Nor did we see any snow on our trip to Idaho Springs, my favorite mountain town. The drive back through Clear Creek canyon did offer miles of thick ice on the creek and stunning up-close views of our famously rugged mountains. Just for good measure, we drove up Lariat Trail to the top of Lookout Mountain where we saw one lone deer by the side of the road but still no snow. He did love the view to the west from the Buffalo Bill parking lot showing range after range after range of mountains as far as we could see.

We went to the Stock Show one night and saw the wonderful gallery of western art plus the obligatory cowboys, ranchers, and cows.

Of course these days, the quintessential Colorado experience is a marijuana shop, and we went there, too, noticing that nobody lollygags there, presumably because once they buy their stash they’re eager to get home to enjoy it.

The quintessential Denver experience is the Buckhorn Exchange, Denver’s oldest restaurant with Colorado’s first liquor license, and we went there, too. Everyone from elsewhere should go there for the food and the ambiance.

The Florida Boy was confounded by people wearing shorts here in January even though the weather was relatively mild all week. He was also amazed at people eating on restaurant patios in 40-degree temperatures.

While we stayed busy, we saved many things for him to see on his next visit. Here in Colorado, we have a never-ending supply of wonders.

A Matter of Time

In Colorado, Denver on January 1, 2018 at 7:19 am

It was only a matter of time. You had to know that this old hippie would eventually find my way into a marijuana store.
During the seventies and eighties my friends and I would dream of a day when marijuana would be legal, and we could just go to a store and buy some or stop at a neighborhood bar for a smoke. Now the former has been here for several years and the latter is on the near horizon, and yet I had never ventured into a dispensary even while they sprang up on almost every corner in Denver.
Did you know that Denver has twice as many pot shops as Starbucks? Colorado as a whole has three times as many pot shops as Starbucks, so they are far from obscure or hard to find. And, of course, its LEGAL for adults to just walk in and buy something, nothing illicit about it.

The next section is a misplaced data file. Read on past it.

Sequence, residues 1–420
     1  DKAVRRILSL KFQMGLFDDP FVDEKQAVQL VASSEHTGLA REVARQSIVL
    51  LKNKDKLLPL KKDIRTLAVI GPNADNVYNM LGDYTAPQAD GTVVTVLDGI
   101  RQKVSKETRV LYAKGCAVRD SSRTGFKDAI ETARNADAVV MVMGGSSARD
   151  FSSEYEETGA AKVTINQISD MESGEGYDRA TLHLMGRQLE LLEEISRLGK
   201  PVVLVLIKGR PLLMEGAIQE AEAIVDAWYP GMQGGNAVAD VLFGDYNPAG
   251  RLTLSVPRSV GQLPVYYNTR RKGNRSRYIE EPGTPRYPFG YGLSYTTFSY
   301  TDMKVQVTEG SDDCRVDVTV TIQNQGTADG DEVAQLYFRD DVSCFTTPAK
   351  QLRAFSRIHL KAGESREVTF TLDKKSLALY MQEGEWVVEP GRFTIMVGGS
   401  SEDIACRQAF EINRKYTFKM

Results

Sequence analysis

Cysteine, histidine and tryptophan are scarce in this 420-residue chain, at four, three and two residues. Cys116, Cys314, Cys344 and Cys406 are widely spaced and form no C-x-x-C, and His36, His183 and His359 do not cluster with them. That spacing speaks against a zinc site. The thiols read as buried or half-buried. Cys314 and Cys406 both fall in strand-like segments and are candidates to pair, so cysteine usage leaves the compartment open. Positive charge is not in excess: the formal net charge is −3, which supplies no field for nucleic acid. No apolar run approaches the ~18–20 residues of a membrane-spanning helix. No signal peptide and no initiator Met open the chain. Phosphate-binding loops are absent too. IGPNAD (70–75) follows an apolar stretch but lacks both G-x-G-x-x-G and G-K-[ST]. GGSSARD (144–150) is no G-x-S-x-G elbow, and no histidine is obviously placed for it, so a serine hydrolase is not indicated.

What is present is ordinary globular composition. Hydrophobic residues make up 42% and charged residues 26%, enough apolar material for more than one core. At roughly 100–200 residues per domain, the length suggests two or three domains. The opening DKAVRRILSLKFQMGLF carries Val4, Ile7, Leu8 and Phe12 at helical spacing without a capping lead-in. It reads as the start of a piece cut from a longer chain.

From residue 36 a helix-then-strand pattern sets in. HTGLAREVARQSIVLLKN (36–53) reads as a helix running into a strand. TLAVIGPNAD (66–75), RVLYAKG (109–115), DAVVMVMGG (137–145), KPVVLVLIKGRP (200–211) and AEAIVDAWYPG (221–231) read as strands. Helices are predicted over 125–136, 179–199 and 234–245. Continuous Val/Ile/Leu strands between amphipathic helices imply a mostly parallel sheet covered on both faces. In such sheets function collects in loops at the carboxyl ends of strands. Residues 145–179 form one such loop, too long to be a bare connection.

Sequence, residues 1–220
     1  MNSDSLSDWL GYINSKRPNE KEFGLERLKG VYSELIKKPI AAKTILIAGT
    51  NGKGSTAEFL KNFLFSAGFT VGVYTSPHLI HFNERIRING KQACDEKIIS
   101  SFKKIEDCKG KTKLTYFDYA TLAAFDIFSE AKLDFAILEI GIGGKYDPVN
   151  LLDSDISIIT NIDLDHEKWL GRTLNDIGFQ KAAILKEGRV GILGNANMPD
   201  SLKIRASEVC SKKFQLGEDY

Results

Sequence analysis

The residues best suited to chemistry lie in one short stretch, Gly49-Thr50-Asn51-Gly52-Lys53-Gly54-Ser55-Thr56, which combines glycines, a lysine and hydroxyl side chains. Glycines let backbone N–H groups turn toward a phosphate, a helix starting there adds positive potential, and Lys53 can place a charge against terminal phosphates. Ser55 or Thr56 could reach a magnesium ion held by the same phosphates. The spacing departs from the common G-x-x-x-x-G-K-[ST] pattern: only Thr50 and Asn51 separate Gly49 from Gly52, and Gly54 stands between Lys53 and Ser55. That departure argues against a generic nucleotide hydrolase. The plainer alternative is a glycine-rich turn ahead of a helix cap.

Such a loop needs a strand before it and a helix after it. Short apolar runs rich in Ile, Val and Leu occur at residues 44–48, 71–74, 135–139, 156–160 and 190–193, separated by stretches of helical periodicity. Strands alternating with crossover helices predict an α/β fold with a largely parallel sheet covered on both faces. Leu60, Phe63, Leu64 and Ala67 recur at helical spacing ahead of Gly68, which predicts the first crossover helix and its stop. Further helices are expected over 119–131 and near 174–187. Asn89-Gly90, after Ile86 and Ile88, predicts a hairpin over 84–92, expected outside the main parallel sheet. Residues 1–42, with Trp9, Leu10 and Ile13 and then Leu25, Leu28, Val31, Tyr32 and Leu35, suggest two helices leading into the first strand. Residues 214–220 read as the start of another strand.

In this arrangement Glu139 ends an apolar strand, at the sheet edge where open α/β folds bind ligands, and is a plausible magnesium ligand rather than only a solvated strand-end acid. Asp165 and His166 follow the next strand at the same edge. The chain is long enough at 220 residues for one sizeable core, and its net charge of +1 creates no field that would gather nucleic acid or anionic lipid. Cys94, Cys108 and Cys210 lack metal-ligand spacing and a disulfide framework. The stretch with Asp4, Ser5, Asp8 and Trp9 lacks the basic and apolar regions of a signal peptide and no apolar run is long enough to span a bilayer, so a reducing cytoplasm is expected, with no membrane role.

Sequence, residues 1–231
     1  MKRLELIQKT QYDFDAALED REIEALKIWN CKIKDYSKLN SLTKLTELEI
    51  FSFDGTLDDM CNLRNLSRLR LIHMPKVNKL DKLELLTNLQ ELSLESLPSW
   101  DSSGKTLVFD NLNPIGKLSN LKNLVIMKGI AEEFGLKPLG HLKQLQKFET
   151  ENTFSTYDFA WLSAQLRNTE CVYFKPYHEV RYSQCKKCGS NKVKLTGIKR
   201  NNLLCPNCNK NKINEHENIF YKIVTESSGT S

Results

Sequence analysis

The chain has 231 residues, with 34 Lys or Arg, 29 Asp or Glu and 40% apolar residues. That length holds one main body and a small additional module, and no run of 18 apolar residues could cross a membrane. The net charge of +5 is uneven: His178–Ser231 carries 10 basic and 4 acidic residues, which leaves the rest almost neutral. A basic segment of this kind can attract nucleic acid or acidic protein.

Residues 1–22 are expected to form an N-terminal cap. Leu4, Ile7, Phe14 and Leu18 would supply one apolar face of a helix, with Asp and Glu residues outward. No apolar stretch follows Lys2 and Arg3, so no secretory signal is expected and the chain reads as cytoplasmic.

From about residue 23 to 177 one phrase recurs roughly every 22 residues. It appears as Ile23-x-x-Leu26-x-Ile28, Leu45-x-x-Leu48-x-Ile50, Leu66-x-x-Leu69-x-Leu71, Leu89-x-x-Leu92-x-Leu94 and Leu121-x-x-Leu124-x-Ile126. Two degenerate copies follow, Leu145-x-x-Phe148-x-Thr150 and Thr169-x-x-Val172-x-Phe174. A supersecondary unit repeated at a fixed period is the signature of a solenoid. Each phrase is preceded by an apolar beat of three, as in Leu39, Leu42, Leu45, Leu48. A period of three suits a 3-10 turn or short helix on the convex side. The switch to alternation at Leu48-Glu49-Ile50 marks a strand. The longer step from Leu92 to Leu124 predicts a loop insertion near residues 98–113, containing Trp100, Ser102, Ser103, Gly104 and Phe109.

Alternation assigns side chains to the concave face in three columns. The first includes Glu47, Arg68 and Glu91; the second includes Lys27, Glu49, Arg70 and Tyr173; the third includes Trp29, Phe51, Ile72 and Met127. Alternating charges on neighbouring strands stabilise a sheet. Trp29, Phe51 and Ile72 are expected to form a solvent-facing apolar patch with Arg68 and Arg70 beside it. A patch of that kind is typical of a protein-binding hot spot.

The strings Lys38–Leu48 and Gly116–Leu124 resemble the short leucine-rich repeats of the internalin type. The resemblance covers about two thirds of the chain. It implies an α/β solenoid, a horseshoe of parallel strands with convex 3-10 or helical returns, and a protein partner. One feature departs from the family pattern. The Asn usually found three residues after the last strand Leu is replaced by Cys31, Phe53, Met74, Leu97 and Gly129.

But I had never gone into one. I stopped smoking marijuana more than 20 years ago and no longer thought of myself as someone who “did that.”
In fact, it took a friend planning a visit from out of state to remind me that it was part of being a Coloradan now, and I really should take advantage of it. And now there are edibles, too.
So, I researched the best store in Denver (The Joint on West 38th, if you’re interested) and off I went. “I want something to help me relax that doesn’t make me cough up a lung,” I told the cute, young clerk. He eyed me and asked, “Are you looking for pain relief or do you want to get high?” Given my age, I suppose that was a logical question.
I just smiled and said, “Oh, I want to get high.” He recommended their best seller, a white chocolate bar containing both CBD for pain relief and THC to get high. “It gives you a nice full-body high,” he said, whatever that means.
He warned me not to take more than one dose because it takes an hour or so before you start feeling the effects and lasts a couple of hours.
I’ve enjoyed it enough to know that my first trip to a marijuana store will not be my last. And my friend comes to town in a week, so I’ll get to play host Colorado style and show him around. The only problem is that I really hate shopping, so I’m looking forward to someday being able to order my chocolate from Amazon.
As I said, it’s only a matter of time.

She Loves You

In Colorado, Denver, music on November 30, 2017 at 7:12 am

One month after the devastating assassination of President John F. Kennedy, “I Want to Hold Your Hand” hit American radio stations, including KIMN here in Denver. I remember thinking it was a strange title for a song by a group named after bugs, but the song was fabulous—cheery and optimistic. If there was one thing this country needed right then, it was a little optimism and good cheer.

It debuted on the KIMN top fifty chart on my 16th birthday in January of 1964 and I’ve felt a special connection with the Fab Four ever since. Paul McCartney has broken my heart three times in the past 53 years by marrying other women when I was the one he was clearly meant to be with. When I was 16, he was too old for me. Now I’m too old for him. Sometimes the world just sucks.

That summer they came to Red Rocks and I wanted to go more than I’ve ever wanted anything before or maybe since. Somehow, I had the $6.60 for a ticket. Very expensive for that era. They went on sale at the downtown Denver Theater box office on a Saturday and my dad had to work that morning. I was inconsolable, convinced they’d be sold out before I could get there. Miraculously, they were not sold out and my brother and I both bought tickets. As we would later learn, the concert at Red Rocks was the only venue on their first US tour that didn’t sell out. I have no idea why.

Danny and I went to the concert and I am eternally grateful to him for taking his younger sister to the biggest event of the year. That was my first concert at Red Rocks and still ranks among my peak experiences. Watching Ron Howard’s sensational documentary Eight Days a Week—The Touring Years last night on PBS brought it all back.